Real Sunken Cities

These five sunken cities testify to the risks of coastal life.

Published January 11, 2016

From the sunken island of Atlantis to the legendary drowned French city of Ys, our myths and folklore are filled with stories of metropolises swallowed by the sea. But even more fascinating than these fictional submerged cities are the real ones that dot coastlines around the world. These five underwater cities remind us that building a life on the coast can be a precarious undertaking.

Pavlopetri, Greece

In 1967, British scientist Nicholas Flemming identified the sunken remains of a city near the islet of Pavlopetri off the south coast of Laconia, Greece and uncovered 15 houses, 37 graves, a tangle of streets, and fragments of pottery. In 2009, a team of archaeologists dated a pottery shard from the site to about 3000 BCE, making Pavlopetri the world’s oldest-known underwater city. The Minoan and Mycenaean people likely occupied the city through the Bronze Age until roughly 1000 BCE, when a series of earthquakes sent the city into the sea.

Phanagoria, Russia

Phanagoria, one of the largest colonies in ancient Greece, was founded circa 540 BCE on the shore of the Black Sea. Its powerful and notorious king, Mithridates VI, ruled Asia Minor (modern-day Turkey) from 119 to 63 BCE. The king and his wife Hypsikratia both had fearsome reputations: he as “Rome’s greatest enemy” and she as a woman with “the spirit of a man.” Mithridates waged three wars on Rome, but he couldn’t fight sea level rise. Centuries later the city’s legacy is preserved underwater. Archaeologist Vladimir Kuznetsov has recovered coins depicting Mithridates and a marble gravestone bearing Hypsikratia’s name.

Baiae, Italy

The luxurious Roman resort town of Baiae, whose thermal springs were first used therapeutically in 176 BCE, was alternately described in literature as either an earthly paradise or a den of iniquity. But while Baiae’s location in a volcanically active region gave it its famous hot springs, it also led to its ruin. In what is called a bradyseismic event, a magma chamber beneath Baiae and the surrounding area gradually drained, causing the land above it to sink. Today, Baiae exists half on land, half in the sea.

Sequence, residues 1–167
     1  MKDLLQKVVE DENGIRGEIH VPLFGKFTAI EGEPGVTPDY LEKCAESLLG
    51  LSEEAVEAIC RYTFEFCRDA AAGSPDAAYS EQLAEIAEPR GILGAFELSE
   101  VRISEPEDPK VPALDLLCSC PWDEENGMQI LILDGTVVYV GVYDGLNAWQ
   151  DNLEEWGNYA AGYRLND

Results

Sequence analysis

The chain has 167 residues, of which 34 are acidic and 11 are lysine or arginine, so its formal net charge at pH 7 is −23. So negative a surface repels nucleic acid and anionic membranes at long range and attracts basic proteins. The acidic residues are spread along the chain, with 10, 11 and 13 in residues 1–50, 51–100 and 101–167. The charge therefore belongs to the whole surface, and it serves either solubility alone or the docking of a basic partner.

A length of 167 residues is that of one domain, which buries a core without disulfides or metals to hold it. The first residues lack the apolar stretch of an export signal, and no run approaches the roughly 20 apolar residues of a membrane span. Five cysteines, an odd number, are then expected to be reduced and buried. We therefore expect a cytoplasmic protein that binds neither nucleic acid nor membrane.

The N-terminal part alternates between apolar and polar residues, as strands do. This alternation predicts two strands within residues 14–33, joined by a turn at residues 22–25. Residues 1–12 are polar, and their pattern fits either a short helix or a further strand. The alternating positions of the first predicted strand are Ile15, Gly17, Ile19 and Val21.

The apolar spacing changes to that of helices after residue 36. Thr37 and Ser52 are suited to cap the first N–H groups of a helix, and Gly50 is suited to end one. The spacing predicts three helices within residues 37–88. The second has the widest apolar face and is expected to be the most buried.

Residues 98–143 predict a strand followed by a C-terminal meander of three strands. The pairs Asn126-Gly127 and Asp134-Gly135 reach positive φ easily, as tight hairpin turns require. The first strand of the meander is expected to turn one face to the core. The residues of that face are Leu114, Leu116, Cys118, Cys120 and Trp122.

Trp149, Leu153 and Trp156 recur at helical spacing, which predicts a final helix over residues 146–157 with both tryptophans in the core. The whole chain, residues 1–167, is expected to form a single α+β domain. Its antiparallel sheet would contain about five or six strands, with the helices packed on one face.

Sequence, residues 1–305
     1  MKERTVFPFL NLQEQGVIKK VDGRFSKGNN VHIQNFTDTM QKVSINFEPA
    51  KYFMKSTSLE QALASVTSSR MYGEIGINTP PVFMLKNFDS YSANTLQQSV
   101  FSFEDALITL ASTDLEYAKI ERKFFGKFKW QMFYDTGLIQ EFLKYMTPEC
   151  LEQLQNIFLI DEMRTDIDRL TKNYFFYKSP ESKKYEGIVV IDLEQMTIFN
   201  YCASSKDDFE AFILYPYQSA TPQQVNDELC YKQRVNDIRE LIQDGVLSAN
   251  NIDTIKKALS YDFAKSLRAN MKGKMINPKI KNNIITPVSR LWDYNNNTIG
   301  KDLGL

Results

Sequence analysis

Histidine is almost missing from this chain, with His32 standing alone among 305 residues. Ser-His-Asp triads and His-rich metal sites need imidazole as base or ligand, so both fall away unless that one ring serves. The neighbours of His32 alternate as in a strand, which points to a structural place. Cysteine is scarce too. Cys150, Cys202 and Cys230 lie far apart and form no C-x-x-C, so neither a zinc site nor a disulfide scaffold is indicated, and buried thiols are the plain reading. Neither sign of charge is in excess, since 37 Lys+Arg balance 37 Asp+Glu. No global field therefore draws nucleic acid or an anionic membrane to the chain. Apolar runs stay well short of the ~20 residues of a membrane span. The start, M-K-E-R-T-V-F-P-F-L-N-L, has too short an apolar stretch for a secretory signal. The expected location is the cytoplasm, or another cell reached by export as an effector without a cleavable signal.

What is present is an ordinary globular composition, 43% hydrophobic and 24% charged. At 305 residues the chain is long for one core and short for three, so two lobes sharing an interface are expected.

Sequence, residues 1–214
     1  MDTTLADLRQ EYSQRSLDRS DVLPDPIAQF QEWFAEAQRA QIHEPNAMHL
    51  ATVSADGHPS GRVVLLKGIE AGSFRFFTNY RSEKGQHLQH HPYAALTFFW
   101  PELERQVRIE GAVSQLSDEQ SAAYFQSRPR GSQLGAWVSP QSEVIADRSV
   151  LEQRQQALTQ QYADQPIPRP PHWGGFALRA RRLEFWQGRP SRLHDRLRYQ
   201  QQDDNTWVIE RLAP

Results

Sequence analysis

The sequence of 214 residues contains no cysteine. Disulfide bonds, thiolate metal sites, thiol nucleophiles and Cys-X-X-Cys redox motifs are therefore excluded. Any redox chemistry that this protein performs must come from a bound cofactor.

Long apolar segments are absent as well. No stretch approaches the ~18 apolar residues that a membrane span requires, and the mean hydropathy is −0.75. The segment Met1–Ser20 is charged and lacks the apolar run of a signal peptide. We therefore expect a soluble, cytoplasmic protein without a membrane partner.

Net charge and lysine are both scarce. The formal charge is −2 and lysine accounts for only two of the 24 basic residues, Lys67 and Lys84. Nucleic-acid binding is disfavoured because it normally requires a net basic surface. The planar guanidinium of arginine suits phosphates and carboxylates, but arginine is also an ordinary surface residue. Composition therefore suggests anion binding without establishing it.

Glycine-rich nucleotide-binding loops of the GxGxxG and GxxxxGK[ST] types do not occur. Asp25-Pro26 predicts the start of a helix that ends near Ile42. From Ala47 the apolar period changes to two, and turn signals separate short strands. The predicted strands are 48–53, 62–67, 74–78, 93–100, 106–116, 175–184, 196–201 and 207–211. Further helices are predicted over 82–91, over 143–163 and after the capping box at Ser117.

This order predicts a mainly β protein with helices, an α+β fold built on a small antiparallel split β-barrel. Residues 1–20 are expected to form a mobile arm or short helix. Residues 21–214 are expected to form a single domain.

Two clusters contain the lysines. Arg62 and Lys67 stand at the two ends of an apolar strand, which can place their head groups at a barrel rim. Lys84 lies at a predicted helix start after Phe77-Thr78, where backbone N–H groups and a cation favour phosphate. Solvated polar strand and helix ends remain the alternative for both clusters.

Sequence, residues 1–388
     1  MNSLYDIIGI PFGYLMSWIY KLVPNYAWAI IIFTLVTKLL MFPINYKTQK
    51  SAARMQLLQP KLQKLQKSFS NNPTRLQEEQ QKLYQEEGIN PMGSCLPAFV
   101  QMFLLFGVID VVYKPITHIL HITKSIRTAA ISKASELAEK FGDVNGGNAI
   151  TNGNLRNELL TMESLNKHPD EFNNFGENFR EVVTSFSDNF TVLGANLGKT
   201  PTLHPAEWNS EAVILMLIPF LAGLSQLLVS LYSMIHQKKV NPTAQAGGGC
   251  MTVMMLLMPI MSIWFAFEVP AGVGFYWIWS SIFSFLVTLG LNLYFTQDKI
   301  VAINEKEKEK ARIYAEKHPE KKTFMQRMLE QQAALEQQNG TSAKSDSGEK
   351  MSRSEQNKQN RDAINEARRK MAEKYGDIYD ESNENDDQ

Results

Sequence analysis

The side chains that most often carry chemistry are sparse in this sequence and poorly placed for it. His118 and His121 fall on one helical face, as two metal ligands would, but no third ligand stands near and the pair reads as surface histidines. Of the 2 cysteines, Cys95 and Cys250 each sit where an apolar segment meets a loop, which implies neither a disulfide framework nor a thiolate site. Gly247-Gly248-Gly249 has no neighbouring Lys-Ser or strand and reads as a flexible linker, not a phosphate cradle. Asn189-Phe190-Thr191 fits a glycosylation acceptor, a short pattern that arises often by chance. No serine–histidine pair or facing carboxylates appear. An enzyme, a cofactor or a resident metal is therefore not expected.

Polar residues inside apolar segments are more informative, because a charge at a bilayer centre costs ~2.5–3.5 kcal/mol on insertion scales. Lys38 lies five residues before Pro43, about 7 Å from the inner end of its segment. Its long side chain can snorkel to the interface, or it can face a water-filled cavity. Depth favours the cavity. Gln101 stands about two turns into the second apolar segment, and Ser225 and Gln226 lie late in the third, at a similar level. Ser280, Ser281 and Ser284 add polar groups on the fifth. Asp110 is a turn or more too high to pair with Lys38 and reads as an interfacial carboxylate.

Port Royal, Jamaica

With a centralized location ideal for trade between Britain and the Caribbean, Port Royal’s population boomed in the late 1600s. In 1662, it had only 740 inhabitants, but by the end of the century the population had jumped to 7,000, half of which were pirates or privateers. With its taverns, brothels, and carousing population, it’s no wonder that Port Royal was often referred to as the wickedest city on Earth. But on June 7, 1692, the hedonism was interrupted when a violent earthquake tore the town apart, sending two-thirds of it underwater and killing 2,000 people. Sickness and injury killed another 3,000 in the quake’s aftermath. The “wicked city” remained a British port, but never regained its unruly reputation.

Point Fermin, Los Angeles

Prospective homeowners in the 1920s flocked to picturesque San Pedro, a Los Angeles neighborhood, to view newly built bungalows, some of which were perched near the cliff edge at Point Fermin. Unfortunately, the developer underestimated the strength of the waves that battered and weakened the clay under some of the homes. In 1929, the cliff started to slide in slow motion, shifting buildings within one section of the neighborhood (about the size of four and a half city blocks) as much as 28 centimeters a day. This slow-moving landslide gave most of the residents enough time to move their homes to a new location, but two houses close to the cliff edge ended up in the ocean. Today, a few graffiti-marred slabs of concrete—fragments of roads and house foundations—are all that remain above water.